As the Board noted, the Violent and Graphic Content policy provides that Meta “removes content that contains sadistic remarks towards imagery depicting the suffering of humans and animals.” It also states that it “allows graphic content with some limitations to help people condemn and raise awareness about important issues such as human rights abuses, armed conflicts or acts of terrorism.” The policy also requires warning screens to “alert people that content may be disturbing”—for example in content that portrays violent deaths. Directly below the policy rationale, it’s stated that users cannot post “sadistic remarks towards imagery that is deleted or put behind a warning screen.” Yet no further explanation or examples regarding what constitutes sadistic remarks were given. [p. 13-14]

The Board’s majority decided that the hashtags in the caption of the removed content were not sadistic since they were “not used in a way that shows the user is enjoying or deriving pleasure from the suffering of others.” It also held that the hashtags should not be considered as commentary on the video—contrary to the Sudan graphic video case, in which the hashtags clearly conveyed the intention to share the graphic video to document human rights abuses. [p. 14]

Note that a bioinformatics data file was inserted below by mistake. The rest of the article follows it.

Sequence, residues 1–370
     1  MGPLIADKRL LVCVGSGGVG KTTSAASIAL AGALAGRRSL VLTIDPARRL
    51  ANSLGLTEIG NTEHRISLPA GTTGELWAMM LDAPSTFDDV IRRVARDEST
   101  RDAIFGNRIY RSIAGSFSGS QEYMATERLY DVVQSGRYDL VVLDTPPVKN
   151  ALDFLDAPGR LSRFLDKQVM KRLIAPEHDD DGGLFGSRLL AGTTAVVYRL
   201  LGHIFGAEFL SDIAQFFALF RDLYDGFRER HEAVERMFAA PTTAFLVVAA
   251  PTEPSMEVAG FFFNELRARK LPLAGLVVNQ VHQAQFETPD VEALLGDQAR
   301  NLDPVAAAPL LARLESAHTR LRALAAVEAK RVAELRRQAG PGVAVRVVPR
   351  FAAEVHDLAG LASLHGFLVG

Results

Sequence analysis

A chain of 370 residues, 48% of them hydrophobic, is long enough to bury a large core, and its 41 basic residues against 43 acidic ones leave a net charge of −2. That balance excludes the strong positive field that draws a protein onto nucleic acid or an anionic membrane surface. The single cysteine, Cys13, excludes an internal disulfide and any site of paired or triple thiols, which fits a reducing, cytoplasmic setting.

The Board explained that the user’s hashtags, referring to “airsoft,” firearms, and military simulations, did not “show that the user was enjoying or deriving pleasure from the suffering of others” under the Violence and Graphic Content policy. The airsoft hashtags, according to the Board’s independent research, were used widely among airsoft and firearm enthusiasts, and are more directly associated with enthusiasm for the game. The Board further explained that Meta should have noticed that the hashtags were used to raise awareness about the attack amongst the people the user usually communicated with, as well as others, and that the hashtags were unrelated to the content of the video and the caption posted directly below it. [p. 14]

The majority of the Board also stated that it was likewise clear that the caption added by the user did not “indicate that they were enjoying or deriving pleasure from the attack,” as the user expressly stated that the attack represented a “sad day,” and that “they do not support violence.” Comments on the post made by other users, the Board noted, further indicated that the user’s followers understood the user’s intent to raise awareness. The user’s responses to those comments also showed “further sympathy with victims.” [p. 15]